It can be difficult to tell a substance abuser apart from a non-abuser. In fact, many individuals become substance abusers without realizing it themselves.
However, as substance abuse and recreational intoxication become dependent and addiction, individuals begin to experience various physical health, psychological, and behavioral changes.
Depending on one’s substance of choice, continuous substance abuse can cause incredible damage to the body and its functions, but the damage with arguably the biggest impact on an individual—especially to his or her personality, behavior, and lifestyle—is that which occurs to the brain.
Addiction can turn compassionate, intelligent, and ambitious people into dangerous, destructive, irresponsible ones. The family members, friends, and other loved ones of individuals developing an alcohol or drug addiction often notice these changes accumulating over time, making them unreliable, unpredictable, withdrawn, and emotionally volatile.
As more and more time passes with an individual in active addiction, he or she will feel progressively unfulfilled and even empty. The passage of time often entails the crumbling of an addicted person’s life from beneath them, which might include the loss of employment and financial independence, damage or destruction of important relationships, homeless, and even resorting to criminal behavior to sustain an expensive substance abuse habit.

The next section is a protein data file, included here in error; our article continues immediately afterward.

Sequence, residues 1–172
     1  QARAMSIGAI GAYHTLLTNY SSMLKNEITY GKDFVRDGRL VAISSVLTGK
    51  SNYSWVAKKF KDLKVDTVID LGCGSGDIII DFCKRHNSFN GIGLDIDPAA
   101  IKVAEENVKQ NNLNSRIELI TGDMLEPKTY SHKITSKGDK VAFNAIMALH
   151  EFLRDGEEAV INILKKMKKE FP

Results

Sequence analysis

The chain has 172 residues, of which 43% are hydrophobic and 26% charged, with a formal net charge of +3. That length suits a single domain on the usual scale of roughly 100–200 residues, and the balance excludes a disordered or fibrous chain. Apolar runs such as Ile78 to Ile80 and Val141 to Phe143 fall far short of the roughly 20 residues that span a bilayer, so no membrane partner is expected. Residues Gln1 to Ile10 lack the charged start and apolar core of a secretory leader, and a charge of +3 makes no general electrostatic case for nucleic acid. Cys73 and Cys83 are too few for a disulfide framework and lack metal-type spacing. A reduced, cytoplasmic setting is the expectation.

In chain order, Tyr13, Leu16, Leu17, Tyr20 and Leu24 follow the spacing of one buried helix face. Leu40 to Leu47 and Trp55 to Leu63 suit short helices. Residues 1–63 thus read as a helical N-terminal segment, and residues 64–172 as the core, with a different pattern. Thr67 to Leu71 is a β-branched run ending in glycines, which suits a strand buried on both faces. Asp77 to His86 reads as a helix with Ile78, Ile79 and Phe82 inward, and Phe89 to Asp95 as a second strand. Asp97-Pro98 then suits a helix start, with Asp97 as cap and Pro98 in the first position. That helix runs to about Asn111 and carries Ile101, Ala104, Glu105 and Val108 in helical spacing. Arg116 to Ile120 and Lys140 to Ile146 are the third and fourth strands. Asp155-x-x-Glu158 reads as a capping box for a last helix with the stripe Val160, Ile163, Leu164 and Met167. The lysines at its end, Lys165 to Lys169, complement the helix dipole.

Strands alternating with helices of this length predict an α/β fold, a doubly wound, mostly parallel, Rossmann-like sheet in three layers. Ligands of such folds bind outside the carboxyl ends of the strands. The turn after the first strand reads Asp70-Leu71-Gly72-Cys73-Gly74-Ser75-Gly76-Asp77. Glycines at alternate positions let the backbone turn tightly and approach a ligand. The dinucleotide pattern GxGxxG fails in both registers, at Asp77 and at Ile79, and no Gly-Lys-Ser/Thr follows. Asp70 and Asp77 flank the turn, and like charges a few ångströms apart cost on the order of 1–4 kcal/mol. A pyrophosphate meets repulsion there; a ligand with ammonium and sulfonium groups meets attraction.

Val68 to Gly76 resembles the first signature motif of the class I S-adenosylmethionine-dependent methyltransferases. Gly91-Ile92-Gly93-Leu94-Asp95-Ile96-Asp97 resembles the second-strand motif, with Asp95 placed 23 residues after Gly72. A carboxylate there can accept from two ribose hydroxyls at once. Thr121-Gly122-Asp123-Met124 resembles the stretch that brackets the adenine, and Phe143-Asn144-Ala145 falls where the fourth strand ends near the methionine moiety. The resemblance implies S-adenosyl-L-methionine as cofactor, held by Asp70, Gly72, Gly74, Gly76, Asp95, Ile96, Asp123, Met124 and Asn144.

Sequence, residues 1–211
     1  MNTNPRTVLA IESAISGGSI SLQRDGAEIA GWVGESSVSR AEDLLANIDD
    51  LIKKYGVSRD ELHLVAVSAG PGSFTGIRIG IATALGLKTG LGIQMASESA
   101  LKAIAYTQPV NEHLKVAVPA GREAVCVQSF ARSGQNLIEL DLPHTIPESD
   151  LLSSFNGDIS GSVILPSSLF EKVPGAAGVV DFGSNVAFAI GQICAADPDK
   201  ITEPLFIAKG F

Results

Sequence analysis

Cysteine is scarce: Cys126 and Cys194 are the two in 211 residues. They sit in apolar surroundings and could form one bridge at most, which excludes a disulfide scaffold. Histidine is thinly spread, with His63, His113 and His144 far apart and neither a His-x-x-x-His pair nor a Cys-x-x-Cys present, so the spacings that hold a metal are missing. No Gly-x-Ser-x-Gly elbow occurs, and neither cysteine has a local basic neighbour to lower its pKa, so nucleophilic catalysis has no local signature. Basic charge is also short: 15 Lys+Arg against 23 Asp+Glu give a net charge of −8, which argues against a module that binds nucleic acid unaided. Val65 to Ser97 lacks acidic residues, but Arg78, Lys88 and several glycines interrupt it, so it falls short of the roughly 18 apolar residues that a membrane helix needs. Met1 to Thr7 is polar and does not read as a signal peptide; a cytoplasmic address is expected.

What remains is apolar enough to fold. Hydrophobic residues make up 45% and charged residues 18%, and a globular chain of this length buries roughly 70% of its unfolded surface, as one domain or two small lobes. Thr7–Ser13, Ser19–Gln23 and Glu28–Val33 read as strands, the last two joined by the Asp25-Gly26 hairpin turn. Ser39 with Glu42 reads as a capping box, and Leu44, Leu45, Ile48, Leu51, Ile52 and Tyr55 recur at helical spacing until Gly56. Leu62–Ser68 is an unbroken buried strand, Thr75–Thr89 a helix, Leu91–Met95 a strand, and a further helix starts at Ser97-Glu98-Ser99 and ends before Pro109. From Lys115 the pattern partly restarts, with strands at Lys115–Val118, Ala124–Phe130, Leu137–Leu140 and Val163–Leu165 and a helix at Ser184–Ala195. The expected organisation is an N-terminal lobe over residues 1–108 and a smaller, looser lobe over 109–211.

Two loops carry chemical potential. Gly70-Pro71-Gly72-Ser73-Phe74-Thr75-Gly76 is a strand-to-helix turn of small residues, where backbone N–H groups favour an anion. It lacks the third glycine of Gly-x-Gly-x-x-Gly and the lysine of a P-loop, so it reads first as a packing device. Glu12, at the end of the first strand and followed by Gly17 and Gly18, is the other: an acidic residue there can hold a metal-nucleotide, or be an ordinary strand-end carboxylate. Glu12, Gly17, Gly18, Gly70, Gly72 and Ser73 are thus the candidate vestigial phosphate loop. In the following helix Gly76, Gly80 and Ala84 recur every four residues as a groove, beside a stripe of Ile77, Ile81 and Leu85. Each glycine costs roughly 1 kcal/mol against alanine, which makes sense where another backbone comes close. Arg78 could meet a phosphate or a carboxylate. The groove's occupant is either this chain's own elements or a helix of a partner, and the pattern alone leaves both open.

Fortunately, individuals struggling with addiction have many recovery options available.
While there are numerous effective inpatient and outpatient treatment programs from which to choose, 12-step programs—Alcoholics Anonymous and its many derivative groups such as Narcotics Anonymous, Gamblers Anonymous, and Sex Addicts Anonymous—have been an essential resource for countless individuals as they work toward and sustain sobriety.
However, for those who have never attended a 12-step meeting before, the prospect of participating and sharing the intimate details of one’s life during addiction can be daunting. The following is meant to give individuals an idea of what to expect at one’s first 12-step meeting.
What Is the Purpose of a 12-Step Meeting?
The best way to summarize what attending a 12-step meeting for the first time is like is to begin by conveying the purpose and principles of 12-step groups.
Alcoholics Anonymous is the first and original 12-step group, which Bill Wilson started in 1935. Wilson struggled with alcoholism.
His goal in developing the Alcoholics Anonymous ideology was to help a colleague overcome alcoholism. Wilson had been a member of and was inspired by the Oxford Group, a Christian-oriented recovery fellowship that was successful and popular at the time.
However, whereas the Oxford Group saw drinking as a sin and encouraged members to resist being sinners, Wilson’s growing fellowship would instead see alcoholism—and, by extension, addiction in general—as a disease that could be overcome through spirituality and community.
Alcoholics Anonymous encouraged self-examination, forcing individuals to be accountable for their failings and misdeeds, and taking the initiative to right prior wrongs while guiding others through this process in the spirit of true fellowship.